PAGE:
It is impossible to overstate the value of effective internal communication yet it is all too easy to overlook. While PR often steals the spotlight and the budget, it’s what and how a firm says to its people – and when it says it – that promotes a healthy organisational culture and fosters a focused, united workforce, says Kathryn Kneller.

The internal communications function serves as an organisation’s central nervous system. It’s your IC team’s job to facilitate the seamless exchange of information about the firm among employees at all levels. Its primary role is to ensure that every member of the workforce is well-informed, engaged and aligned with the firm’s mission, vision, strategy, objectives and performance. Companies who do this well typically report a positive workplace culture, increased employee morale, enhanced productivity  and stronger business results.

If finance manages your organisation’s monetary resources, think of IC as the stewards of your employees’ emotional capital – which they can choose to share with, or to withhold from, your organisation.

When employees are kept in the loop about firm news, and they perceive that their leaders are trustworthy, they feel valued and connected to the organisation. This sense of belonging translates into higher job satisfaction, lower turnover rates, greater willingness to speak well of your firm as an employer and, ultimately, improved business performance. Furthermore, clear and transparent employee communications empower your people to understand their individual roles within the larger organisational framework, fostering a collective sense of purpose.

The perception gap

Internal communicators often find themselves overshadowed by their peers in PR. Companies typically allocate more resources to their external messaging, because it’s usually easier to map a short-term financial
ROI to that activity – or because the CEO enjoys a good ego massage when there’s a positive story in the press.

External communications may shape a firm’s public image, but its long-term reputation is built and sustained by the people inside the organisation. A firm with a united, well-informed and motivated workforce is far better positioned to convey a positive message externally. The best-performing companies do both external and internal communications well, and make sure they’re fully aligned.

Pitfalls in internal communications

Several common mistakes can hinder the effectiveness of employee communications within companies. These include:

  • Inconsistency: Inconsistent messaging can lead to confusion and frustration among employees. Whether it’s conflicting information from different departments or mixed signals from leadership, inconsistency erodes trust and undermines the firm’s credibility with its own people.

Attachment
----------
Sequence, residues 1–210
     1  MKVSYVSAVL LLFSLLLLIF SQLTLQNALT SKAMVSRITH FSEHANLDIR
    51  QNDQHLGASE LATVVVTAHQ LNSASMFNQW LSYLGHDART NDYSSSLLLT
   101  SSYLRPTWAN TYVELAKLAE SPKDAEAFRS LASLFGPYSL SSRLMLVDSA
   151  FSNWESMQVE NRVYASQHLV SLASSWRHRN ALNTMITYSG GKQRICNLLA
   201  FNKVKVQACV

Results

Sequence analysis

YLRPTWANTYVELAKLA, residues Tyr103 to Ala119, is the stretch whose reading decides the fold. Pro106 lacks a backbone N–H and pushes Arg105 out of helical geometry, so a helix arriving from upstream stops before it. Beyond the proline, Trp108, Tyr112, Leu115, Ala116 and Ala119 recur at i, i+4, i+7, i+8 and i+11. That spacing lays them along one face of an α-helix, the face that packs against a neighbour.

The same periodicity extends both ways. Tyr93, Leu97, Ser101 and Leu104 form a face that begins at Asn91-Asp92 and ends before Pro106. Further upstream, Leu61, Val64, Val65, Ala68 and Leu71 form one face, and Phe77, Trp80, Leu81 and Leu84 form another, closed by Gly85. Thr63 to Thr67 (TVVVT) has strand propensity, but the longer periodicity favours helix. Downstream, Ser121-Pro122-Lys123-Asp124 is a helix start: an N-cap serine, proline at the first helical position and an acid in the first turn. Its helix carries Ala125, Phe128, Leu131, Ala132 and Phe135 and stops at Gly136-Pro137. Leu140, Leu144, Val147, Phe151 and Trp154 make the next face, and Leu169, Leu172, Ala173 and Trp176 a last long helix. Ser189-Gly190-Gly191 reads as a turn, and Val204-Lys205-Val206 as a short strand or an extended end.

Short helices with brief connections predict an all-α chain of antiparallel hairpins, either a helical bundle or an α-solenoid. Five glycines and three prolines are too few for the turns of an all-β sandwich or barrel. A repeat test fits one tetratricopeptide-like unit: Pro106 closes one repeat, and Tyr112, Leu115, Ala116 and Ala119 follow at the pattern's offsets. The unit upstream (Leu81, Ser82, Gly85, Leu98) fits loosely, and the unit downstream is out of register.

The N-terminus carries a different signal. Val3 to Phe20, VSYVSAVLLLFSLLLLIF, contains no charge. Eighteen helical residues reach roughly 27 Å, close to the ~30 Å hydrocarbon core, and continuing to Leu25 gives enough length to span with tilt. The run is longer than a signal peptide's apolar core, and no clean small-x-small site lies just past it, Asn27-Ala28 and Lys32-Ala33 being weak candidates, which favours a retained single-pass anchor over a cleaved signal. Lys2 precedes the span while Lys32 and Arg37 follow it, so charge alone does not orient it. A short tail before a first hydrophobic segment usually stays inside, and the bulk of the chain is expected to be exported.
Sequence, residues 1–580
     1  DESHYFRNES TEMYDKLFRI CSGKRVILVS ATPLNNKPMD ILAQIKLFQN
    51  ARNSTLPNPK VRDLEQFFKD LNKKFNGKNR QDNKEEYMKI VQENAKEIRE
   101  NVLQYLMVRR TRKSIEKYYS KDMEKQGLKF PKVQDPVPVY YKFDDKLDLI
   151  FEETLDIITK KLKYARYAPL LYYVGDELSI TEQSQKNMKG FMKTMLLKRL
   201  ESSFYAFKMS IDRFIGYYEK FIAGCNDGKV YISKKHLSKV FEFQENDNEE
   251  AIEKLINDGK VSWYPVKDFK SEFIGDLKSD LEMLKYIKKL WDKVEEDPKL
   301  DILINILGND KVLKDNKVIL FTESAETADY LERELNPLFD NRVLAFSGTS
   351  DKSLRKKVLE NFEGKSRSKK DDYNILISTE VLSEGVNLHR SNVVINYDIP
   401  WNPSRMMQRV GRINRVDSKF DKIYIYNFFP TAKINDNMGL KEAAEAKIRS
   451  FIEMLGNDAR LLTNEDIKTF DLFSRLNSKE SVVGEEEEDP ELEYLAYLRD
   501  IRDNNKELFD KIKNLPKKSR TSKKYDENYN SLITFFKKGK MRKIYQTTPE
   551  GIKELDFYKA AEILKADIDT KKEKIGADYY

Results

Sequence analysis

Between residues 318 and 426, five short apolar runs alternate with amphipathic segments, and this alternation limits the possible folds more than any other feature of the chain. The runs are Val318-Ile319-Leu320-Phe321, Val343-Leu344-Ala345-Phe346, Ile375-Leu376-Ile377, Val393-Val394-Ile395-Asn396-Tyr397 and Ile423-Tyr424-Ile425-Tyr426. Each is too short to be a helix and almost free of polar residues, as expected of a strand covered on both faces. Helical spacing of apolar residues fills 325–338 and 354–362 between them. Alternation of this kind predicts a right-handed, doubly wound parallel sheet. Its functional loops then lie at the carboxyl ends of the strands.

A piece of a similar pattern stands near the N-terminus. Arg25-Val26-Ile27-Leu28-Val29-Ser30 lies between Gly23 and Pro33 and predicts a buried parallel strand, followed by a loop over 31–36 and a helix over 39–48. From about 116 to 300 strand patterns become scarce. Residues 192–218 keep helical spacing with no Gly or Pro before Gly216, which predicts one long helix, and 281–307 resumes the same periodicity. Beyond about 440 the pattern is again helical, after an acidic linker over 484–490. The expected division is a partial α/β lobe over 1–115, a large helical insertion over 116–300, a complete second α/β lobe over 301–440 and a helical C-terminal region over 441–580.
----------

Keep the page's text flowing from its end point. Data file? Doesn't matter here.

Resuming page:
• Bad timing: Timeliness is critical. Delayed or untimely messages can result in misinformation, leaving employees feeling disconnected and, worse, deliberately kept in the dark. Furthermore, in a rapidly evolving business environment, the relevance of information diminishes quickly. So, it’s vital to give the right message to the right people at the right time.
  • One-way communication: Many companies still rely too heavily on broadcast, or top-down, communication, where information flows from leadership to employees. A lack of two-way communication can stifle employee engagement and innovation, as it fails to meet the very human need to feel listened to – as well as to harness the valuable insights
    and perspectives of the workforce.

It’s also easy to assume that just because we all communicate in our daily work, that ‘anyone can do internal communications’.  But that’s a complete fallacy: it’s like saying anyone who can use a calculator is qualified to ‘work in finance’. Effective internal communication requires considerable expertise, and neglecting this work carries significant business risk.

The risks of poor internal communications

Over the long term, the consequences of poor internal communications can be severe and far-reaching. Leaders who are complacent about internal communication can soon find themselves with a disengaged workforce, decreased morale, and increased employee turnover. Moreover, a lack of information can breed rumours, undermining
the firm’s reputation both internally and externally.